Exploring the art of prose


Interview: Barbara Poelle

Barbara Poelle’s Funny You Should Ask: Mostly Serious Answers to Mostly Serious Questions about the Book Publishing Industry published in January with Writer’s Digest Books. Here, colleague Holly Root, who wrote the book’s foreword, chats agent-to-agent with Poelle about the book and the publishing process.


Holly Root: Hi Barbara! So, you wrote a book. Congratulations! My memory, supported by reviewing our text threads and Gchats from the time this was going on, is that writing a book is, to use some official industry jargon, really freaking hard. Can I ask you some questions about that process, if you haven’t locked all your memories from that time in a titanium box and sunk ’em to the bottom of your brain’s Marianas Trench?

Barbara Poelle: Absolutely. Also, my kids are totally into goblin sharks right now so that reference was very on point for me.


HR: What was the most surprising thing to you about the experience of completing a manuscript yourself, after seeing so many authors go through the process? 

BP: I think I mention this in the acknowledgements, but I was surprised at how thirsty I got for my editor, Amy Jones, to give me a little “lol” in the margins during revisions. There was this wash of relief I had anytime I saw those three little letters—I mean, if relief is what Bruce Banner feels when he tears out of his shirt, ’cuz that’s what it felt like. It reminded me how important it is during an editorial phone call with a client to acknowledge the beats that are WORKING in a manuscript, along with the areas of opportunity to improve what isn’t working, so they too can hulk out.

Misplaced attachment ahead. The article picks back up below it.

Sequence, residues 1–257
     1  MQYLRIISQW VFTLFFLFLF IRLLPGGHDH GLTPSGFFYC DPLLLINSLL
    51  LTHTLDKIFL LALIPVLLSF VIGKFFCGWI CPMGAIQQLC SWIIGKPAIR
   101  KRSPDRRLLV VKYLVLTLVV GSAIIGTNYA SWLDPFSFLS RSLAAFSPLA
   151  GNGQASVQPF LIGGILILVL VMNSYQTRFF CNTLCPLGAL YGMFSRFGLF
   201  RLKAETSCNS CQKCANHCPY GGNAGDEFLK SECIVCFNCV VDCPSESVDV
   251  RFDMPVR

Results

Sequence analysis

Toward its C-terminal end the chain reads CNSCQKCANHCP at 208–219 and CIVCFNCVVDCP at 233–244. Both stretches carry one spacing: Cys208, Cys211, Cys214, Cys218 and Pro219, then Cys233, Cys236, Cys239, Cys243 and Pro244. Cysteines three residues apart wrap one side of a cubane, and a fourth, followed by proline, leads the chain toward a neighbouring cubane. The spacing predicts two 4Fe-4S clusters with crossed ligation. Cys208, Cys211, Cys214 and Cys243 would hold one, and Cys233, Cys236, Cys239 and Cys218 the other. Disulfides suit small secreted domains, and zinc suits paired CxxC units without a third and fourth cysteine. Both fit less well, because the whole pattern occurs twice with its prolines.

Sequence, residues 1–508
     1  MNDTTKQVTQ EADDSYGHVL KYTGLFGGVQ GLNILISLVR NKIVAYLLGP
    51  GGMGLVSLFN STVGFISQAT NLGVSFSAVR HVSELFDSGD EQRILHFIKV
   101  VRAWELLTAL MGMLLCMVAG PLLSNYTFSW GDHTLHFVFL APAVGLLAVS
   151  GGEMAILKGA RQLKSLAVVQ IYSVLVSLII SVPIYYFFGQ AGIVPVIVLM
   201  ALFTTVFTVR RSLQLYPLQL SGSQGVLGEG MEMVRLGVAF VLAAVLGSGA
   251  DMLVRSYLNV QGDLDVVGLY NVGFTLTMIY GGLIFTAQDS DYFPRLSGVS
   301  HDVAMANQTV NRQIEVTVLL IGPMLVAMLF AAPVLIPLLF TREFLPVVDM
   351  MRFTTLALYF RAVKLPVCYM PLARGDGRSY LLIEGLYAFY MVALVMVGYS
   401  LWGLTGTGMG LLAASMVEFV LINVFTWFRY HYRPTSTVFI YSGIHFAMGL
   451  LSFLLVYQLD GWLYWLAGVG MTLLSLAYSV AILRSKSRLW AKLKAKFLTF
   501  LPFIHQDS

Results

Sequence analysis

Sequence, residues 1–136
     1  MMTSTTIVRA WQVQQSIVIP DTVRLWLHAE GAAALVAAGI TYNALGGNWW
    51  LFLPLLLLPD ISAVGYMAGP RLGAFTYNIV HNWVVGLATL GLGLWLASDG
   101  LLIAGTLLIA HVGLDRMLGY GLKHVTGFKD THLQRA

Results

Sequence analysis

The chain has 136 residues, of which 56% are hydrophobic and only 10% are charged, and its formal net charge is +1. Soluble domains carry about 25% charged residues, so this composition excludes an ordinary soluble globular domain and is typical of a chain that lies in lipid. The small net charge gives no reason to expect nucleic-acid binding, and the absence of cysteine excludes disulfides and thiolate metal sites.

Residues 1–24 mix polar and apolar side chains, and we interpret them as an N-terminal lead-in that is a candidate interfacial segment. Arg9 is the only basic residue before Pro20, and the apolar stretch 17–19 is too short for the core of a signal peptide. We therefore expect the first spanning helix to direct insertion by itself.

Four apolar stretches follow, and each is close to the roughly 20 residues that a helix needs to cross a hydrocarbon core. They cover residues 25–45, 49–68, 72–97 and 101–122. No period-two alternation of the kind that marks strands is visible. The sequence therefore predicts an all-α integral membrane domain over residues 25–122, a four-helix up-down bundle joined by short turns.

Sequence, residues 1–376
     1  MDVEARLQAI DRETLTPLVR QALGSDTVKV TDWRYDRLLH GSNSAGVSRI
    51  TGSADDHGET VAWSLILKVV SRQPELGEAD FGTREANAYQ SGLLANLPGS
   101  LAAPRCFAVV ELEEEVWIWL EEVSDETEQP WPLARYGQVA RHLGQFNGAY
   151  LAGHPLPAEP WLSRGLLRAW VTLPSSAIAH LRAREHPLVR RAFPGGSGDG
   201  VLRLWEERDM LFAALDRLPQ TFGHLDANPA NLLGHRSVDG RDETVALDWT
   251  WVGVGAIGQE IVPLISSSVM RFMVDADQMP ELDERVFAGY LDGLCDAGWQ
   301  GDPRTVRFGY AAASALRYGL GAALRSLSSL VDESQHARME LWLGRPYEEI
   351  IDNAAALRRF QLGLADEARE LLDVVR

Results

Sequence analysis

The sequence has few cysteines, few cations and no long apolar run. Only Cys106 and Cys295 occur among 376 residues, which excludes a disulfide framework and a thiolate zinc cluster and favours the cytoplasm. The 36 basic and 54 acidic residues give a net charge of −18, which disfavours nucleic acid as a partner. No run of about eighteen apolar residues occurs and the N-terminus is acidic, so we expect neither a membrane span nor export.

HR: Oof, this is SUCH a great reminder. It is so easy from our side of the process to be focused on ticking off the to-do list and moving the book over the finish line and in the rush to get things done, we forget to remind the client that we love and believe in the project. Such a good reminder for those of us across the desk, to keep that perspective and how vulnerable it is to put work out there, even for established creators.

Speaking of the relationship with your editor, every editorial process involves killing more than a few darlings. Do you have any “ones that got away,” jokes or bits cruelly sacrificed by your editor on the altar of brevity and/or public decency? 

BP: OH man, yes. YES. I mean, I think you of all people are familiar with my style of humor: if a single rim shot will suffice, you know I am strapping a snare, three cymbals, a harmonica, two maracas, and a kazoo to a clown…and then kicking him down a staircase.

There was a lot of gentle, “This is a bit muddled” and “I am not sure what this means” and “Unclear” as I would extend a joke through so many incongruent layers it would make a turducken cringe.


HR: And as we all know, it takes a LOT to make a turducken cringe. They’ve seen things they can’t unsee.

BP: [Cackling] Right? Where’s the lie? Okay. I wanna add that, tangentially, I felt like I got away with a lot too…there is a craft question about including chapter titles in novels where I still laugh out loud every time I read it.